Setting up a computer lab is easy. Donate a few PCs and it’s safe to say the grateful teachers and students will find some way of making it run. But here’s how to do it right – so that you get not just a computer lab, but a lab that’s useful and can be kept running for some time. In this two-part series, we bank on the possibility that someone in the Government might actually read this and pay attention.
The most important aspect to look into if you are planning on running a computer lab; Location. You can’t expect to have expensive equipment in a cramped, dusty environments and not have something go wrong. Computers are delicate components that require careful use.
Location is key. Step one is securing an air conditioned environment with a proper, steady supply of power. It doesn’t have to be Jimmy Neutron’s laboratory, but it needs to be safe from the dust, have good wiring and be accessible to the students. In case you’re setting up in a place with bad power, we’d recommend UPSes. UPS systems aren’t really needed if your power is consistent, because these heavy, somewhat expensive devices eventually lose their charge and become glorified power cables.
2. Don’t go for the cheap stuff
Now that you got the location sorted out, the next step is to get the required components. This includes PCs, monitors, keyboard and mice, speaker (for presentations and whatnot), projectors, printers and UPS systems in case of power surges and blackouts.
Cheap things no good, good things no cheap. You’re better off purchasing higher quality components than opting for a cheaper alternative. It is vital that you purchase these components from trusted sources, as in the event a component or system fails, you will need to send the item in for repairs or replacement.
If you’re purchasing branded systems, ensure that each system has the required set of specifications you need and that they are all in working condition. Warranty for branded and or prebuilt systems is usually a messy and prolonged affair.
If you are purchasing components and assembling the systems by yourself, then the warranty for the item is determined by each item (for example, the warranty for a processor is three years whereas the warranty for an optical drive is one year).
If you are applying for items on a tender basis, make sure that the clients you approach are known and have a track record. We’ve seen quite a few labs where computers were purchased at bargain prices from random companies that no longer exist. Yes, we know it’s legal policy. Just use your heads.
3. Some assembly required
Once you have purchased all the required peripherals and equipment, its time to create your laboratory. The setting up depends on which route you took; whether you purchased fully assembled PCs or purchased components and decided to assemble the PCs yourself.
If you chose the former option then setting up the PCs is pretty straightforward; connect cables to PC, connect PC to power outlet, switch on PC and you’re done.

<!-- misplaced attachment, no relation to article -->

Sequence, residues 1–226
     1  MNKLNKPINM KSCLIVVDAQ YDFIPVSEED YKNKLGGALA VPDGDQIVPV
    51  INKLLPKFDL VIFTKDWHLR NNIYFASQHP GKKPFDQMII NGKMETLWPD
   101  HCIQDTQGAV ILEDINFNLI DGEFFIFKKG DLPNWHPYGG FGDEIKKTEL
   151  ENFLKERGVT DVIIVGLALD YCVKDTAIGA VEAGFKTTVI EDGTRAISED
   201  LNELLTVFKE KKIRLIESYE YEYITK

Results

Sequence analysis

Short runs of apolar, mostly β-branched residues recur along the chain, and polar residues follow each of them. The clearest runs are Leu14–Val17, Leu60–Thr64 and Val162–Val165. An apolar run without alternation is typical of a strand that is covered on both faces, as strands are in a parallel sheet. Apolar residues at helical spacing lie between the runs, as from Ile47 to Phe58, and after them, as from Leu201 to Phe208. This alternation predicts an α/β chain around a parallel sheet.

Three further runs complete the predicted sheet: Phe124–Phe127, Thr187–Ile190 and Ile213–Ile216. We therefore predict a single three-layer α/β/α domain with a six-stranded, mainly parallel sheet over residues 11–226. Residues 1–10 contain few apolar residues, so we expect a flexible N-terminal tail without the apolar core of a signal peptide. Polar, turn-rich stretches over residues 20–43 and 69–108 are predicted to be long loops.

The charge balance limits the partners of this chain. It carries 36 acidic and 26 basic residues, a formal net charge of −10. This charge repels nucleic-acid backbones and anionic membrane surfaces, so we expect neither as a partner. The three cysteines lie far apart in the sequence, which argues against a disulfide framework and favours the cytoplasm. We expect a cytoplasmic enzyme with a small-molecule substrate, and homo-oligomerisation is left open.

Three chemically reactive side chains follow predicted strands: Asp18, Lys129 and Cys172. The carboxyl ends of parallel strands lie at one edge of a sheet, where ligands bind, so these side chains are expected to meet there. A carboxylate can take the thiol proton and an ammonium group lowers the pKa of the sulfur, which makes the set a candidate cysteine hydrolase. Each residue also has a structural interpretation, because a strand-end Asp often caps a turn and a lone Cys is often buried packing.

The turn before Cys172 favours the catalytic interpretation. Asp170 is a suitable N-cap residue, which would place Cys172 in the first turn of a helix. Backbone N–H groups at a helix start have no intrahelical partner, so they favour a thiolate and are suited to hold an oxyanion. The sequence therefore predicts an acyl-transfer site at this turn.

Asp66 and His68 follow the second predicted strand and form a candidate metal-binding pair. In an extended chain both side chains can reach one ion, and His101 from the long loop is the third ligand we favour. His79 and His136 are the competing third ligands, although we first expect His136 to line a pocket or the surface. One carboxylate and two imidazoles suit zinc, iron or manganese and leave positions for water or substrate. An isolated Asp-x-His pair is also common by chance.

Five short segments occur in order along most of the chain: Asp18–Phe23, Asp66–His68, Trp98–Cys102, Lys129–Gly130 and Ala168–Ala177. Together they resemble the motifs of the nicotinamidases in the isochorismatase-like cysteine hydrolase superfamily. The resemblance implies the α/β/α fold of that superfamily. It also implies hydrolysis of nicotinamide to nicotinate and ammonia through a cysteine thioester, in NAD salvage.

If however, you chose the latter method, make sure you have people on-site that know their hardware and troubleshooting. Use utmost care when handling components such as the motherboard and processor when assembling the PC. Wear anti-static gloves so as not to create static that can damage the components – or in the very least, touch the ground to earth yourself before working on equipment. Test each component individually before putting the system together to ensure a smooth workflow without disruptions caused by faulty equipment. Any messes here can lead to a wastage of time and resources and faulty parts later on.
While doing this, think about the layout. Do you want to arrange things in the traditional classroom layout? Will it help? Or is there a better way so that students can work together and the teacher can easily keep an eye on them?
Also consider lighting. Most lighting is simply uninspired, harsh white, leading to a cold, sterile and uncomfortable feeling. You might as well get dimmer, warmer lighting so that it looks for natural to the eyes. Students will find it easier to focus on the screens.
4. Networking it
In addition to the PCs, you will also require a network infrastructure. The usual procedure it to use a Star topology (named so because the setup resembles a star), where you connect each node to the central switch. If for whatever reason, a PC or node fails, then the rest of the network is unaffected.
Keep in mind that if you want a teacher’s PC to monitor incoming and outgoing connections and make decisions on restricting, it has to be planned for here. Simply installing Windows Server 2003 and letting only teachers sit at it will not make it a server PC – yes, we’ve seen this happen.
But even more important is a high-speed connection. If you think your internet line is fast, picture that speed being split up over 20 people. It’s alarming how often labs in even major schools are served by narrow pipes like this. In today’s content-heavy world, the old standards of 512 kbps just do not work. You might as well disconnect the Internet rather than waste everyone’s time.
5. The rule of thumb: stuff breaks
Things are going to fail over time. If you’ve got critical data stored on your lab, consider using regular backups or by having a RAID 1 setup wherein a clone or mirror of the entire drive is made on a secondary drive. However, RAID’s costly and it’s often easier to have a software backup.
In addition to this, you can also keep a stock of backup hardware. Keyboards and mice wear out often (especially if they’re cheap). Network cables break. You’ll always need more power cables than you think.